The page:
Christopher L. Hayes
Mr. Hayes uses his in-house and litigation background to effectively guide clients through the dynamic landscape of data security and privacy. He is former in-house data security and technology counsel at a Fortune 500 financial institution and an experienced litigator. As senior in-house counsel, he provided practical legal and business advice on all aspects of data breach investigation and response; technology evaluation, licensing and acquisitions; data security practices, policies and procedures; and third-party/vendor risk management.
Mr. Hayes helps clients prepare for cyberattacks and data disclosure incidents through policy and procedure review, conducting tabletop and other key training exercises, analyzing and implementing measures to assess and mitigate third-party vendor risk, and navigating regulatory compliance with various federal and state rules and regulations. When attacks or data incidents occur, he counsels clients from start to finish – from the moment clients first become aware, through all aspects of response, investigation, containment, mitigation, and internal and third-party (including regulatory) communications, and post-incident with lessons-learned and root cause analysis.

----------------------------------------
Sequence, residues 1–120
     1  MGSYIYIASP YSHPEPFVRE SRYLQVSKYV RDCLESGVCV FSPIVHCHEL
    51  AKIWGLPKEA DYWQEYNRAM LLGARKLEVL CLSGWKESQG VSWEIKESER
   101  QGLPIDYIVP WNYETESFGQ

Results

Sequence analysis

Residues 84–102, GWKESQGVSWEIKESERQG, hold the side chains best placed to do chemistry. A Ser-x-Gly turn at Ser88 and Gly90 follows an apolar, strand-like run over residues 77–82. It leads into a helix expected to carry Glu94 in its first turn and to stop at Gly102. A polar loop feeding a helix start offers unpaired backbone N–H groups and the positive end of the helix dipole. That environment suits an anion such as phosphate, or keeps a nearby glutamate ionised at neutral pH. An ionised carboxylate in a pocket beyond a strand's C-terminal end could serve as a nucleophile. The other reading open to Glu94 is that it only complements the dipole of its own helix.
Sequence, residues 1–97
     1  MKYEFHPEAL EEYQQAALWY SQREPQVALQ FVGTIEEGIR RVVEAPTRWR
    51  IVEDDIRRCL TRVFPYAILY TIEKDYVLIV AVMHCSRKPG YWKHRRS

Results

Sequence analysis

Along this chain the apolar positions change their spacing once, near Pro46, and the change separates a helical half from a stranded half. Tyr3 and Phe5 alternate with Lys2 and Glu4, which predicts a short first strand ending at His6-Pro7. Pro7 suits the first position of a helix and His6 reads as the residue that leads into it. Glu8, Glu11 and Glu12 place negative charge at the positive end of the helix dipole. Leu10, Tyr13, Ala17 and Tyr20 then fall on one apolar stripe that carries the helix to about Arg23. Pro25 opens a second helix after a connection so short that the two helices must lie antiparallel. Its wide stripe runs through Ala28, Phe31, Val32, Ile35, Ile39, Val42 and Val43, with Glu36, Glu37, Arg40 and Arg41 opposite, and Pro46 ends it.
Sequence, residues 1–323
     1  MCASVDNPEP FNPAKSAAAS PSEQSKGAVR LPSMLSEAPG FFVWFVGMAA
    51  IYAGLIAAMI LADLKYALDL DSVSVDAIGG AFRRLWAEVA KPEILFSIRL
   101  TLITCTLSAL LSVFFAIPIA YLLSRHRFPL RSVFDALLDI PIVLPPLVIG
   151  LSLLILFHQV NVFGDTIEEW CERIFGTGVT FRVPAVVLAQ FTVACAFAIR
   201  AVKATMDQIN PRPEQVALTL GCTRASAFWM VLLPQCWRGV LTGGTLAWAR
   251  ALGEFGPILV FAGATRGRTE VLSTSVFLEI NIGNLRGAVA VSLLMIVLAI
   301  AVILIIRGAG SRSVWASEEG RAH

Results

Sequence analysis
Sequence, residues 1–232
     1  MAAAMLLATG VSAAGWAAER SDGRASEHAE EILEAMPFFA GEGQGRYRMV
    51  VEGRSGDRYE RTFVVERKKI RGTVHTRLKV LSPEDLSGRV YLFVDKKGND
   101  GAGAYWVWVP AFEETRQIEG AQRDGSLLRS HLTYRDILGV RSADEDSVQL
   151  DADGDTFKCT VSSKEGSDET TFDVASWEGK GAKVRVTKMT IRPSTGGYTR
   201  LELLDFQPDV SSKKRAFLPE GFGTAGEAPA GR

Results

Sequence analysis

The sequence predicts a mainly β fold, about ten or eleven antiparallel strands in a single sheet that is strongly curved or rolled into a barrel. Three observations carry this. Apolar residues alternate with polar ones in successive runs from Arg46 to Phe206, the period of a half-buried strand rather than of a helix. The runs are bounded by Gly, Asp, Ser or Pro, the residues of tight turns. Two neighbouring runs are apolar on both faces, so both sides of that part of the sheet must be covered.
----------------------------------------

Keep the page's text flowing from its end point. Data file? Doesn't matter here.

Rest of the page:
Mr. Hayes understands client technology needs and objectives, as well as technology-related risk. He provides practical business and legal advice regarding complex technology arrangements involving data hosting and transfer, cloud and “as-a-service” technology, software licensing, consulting services, offshore technology development and services, and hardware purchases and leases.
His litigation background enables him to focus quickly on critical issues. He has successfully represented clients in most levels of federal and state courts and in all phases of litigation involving restrictive covenants, employee disloyalty, misappropriation of trade secrets and confidential information, and breach of contract. These cases have frequently involved complex technology, discovery, and data preservation/disclosure issues.